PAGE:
Saturday, March 25, 2017

For Profit U – Have You Heard + Change a School’s Structure, Change the World: An Exchange

For Profit U – Have You Heard:

For Profit U

Image result for For Profit U
Image result for For Profit U

In episode #14, Have You Heard talks to Tressie McMillan Cottom about her new book, Lower Ed, and the push to make education *risky*…
In this episode of Have You Heard, we talk to Tressie McMillan Cottom about the rise of for-profit colleges, and *risky* higher ed that saddles low-income students with debt and questionable credentials. And we discuss the growing push to make K-12 more risky, including busting up public institutions and shifting the burden of choosing an *education option* as Betsy DeVos likes to call it, onto parents. Cottom’s new book Lower Ed is a must read, and this episode of Have You Heard is a must listen. As she points out, the same free market that we’re now entrusting with the futures of kids and adolescents also gave us cheese whiz. Cottom’s book and our conversation threatened to deplete my store of adjectives (*fantastic*!) and inspired Jack to make one of his famous charts.

Jennifer Berkshire:Welcome back to another episode of Have You Heard. I’m Jennifer Berkshire.
Jack Schneider.:And I’m Jack Schneider.
Jennifer B.:And today, we’re going to be talking about for-profit higher ed.
Jack S.:I’m calling this episode “When Things Don’t Go According to Plan”.
Jennifer B.:Well, I think that depends on who you ask, because in some areas, it seems like things are going very much according to plan. In fact-
Jack S.:That would be the boardroom.
Jennifer B.:That’s correct. On my way over here, I happened to read, I was checking my stock performance as usual-
Jack S.:That’s good, I hope you bought the whole index. Either that or I hope you bought just stock in for-profit colleges and universities, because For Profit U – Have You Heard:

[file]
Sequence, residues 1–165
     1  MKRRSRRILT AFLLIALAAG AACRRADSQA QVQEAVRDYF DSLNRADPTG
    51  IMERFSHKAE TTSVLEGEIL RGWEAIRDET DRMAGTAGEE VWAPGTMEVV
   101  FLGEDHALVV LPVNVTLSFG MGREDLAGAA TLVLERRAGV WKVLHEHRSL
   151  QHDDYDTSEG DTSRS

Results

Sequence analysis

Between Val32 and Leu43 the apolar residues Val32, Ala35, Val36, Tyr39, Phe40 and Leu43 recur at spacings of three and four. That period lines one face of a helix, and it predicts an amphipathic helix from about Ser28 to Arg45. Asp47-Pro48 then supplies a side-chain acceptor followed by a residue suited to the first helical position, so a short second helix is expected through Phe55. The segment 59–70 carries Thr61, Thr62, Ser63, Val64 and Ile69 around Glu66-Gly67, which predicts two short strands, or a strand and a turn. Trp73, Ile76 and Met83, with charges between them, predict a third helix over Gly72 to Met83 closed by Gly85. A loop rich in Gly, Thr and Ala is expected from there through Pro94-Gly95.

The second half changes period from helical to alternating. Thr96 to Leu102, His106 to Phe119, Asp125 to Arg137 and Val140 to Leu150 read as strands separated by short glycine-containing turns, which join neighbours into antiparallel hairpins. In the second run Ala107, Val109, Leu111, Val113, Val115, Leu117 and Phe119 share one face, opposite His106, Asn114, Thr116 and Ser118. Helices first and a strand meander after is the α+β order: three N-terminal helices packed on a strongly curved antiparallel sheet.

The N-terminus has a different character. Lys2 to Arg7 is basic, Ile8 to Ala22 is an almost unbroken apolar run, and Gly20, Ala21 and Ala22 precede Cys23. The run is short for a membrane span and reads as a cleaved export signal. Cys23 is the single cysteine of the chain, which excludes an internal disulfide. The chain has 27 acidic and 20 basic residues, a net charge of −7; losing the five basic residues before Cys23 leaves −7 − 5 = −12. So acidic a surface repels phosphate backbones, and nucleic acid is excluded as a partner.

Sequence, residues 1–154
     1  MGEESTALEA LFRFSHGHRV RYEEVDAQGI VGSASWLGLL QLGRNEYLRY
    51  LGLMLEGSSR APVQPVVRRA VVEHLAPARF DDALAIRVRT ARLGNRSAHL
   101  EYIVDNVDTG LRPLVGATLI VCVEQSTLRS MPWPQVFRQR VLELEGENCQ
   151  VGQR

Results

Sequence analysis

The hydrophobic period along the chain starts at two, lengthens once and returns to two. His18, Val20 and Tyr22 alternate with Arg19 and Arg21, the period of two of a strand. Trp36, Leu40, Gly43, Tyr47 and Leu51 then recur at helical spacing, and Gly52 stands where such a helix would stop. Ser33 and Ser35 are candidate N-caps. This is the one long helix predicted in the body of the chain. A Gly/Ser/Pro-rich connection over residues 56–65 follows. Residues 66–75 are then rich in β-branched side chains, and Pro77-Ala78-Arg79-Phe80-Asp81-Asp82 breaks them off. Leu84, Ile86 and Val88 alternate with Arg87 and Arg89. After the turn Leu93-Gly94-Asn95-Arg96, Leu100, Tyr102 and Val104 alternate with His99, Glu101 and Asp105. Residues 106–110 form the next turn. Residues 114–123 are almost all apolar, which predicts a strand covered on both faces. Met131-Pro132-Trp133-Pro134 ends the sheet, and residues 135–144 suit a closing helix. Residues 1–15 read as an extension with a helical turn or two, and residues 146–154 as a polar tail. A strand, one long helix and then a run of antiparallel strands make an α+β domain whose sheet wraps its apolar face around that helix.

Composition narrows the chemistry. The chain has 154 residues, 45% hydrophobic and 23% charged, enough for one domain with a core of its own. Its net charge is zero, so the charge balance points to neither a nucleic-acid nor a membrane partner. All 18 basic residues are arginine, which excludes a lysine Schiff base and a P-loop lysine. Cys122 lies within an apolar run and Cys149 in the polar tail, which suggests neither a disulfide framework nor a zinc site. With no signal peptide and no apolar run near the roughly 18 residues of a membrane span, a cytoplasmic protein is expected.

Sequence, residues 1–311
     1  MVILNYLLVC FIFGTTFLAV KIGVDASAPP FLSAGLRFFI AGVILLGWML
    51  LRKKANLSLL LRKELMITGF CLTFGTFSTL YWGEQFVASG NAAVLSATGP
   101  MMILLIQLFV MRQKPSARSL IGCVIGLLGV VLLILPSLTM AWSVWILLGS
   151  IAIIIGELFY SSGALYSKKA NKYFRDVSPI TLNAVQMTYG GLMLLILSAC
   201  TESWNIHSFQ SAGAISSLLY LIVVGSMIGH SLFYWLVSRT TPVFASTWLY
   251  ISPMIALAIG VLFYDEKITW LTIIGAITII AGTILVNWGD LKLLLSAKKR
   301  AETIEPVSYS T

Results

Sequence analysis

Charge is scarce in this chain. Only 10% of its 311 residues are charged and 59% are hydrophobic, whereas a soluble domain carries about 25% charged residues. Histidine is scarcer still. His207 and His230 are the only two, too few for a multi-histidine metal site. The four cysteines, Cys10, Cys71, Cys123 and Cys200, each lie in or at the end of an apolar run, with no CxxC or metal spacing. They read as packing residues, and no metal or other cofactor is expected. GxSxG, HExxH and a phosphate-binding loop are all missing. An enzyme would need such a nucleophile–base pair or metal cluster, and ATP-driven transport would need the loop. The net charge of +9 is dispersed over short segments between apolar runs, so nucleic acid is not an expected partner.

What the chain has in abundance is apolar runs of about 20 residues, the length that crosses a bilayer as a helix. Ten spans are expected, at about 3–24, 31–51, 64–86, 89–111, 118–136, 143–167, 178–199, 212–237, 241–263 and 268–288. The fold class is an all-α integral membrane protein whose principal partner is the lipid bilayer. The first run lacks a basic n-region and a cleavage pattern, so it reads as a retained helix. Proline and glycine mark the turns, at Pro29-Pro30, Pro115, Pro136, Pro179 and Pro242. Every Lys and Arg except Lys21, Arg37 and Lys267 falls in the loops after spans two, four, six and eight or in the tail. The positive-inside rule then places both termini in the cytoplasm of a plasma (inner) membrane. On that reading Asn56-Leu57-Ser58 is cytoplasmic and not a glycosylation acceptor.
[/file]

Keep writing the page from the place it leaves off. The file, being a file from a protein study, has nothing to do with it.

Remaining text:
Change a School’s Structure, Change the World: An Exchange

Image result for unicorn

In which Empower School’s Brett Alessi and I go back and forth about whether the Springfield Empowerment Zone is *all that*… 

Editor’s note: I recently wrote about the much-hyped Springfield Empowerment Zone, arguing that there isn’t enough *there there* to merit its coronation as the next big thing, and that the zone’s eye-popping suspension numbers are a serious red flag. Brett Alessi, head of Empower Schools, the nonprofit that is helping to empower the Empowerment Zone, responded and asked if he might respond to my piece, giving readers a fuller account of what’s happening in Springfield than my *negative Nancy* portrayal. (My description, not his). I eagerly obliged but requested that Alessi focus on the two specific issues I raised: the high student suspension numbers in the Zone’s schools, and whether the push to *scale up* the Zone is warranted given that the Zone has yet to do what its architects claimed that it would do. Alessi’s response is below, and my response to his response is below that…
By Brett Alessi
First, I’d like to start by saying that while we don’t always see eye-to-eye, I have really enjoyed our exchanges and appreciate the opportunity engage in a genuine dialogue.  At the end of the day, I believe that what we both care most about is ensuring that all children have the opportunity to be successful.

In response to your recent post, I’d like to point out that prior to forming the Springfield Empowerment Zone Partnership (SEZP), the schools that are now in the Zone were in the bottom 3 percent of middle schools in Massachusetts. Five of Change a School’s Structure, Change the World: An Exchange 

Latest News and Comment from Education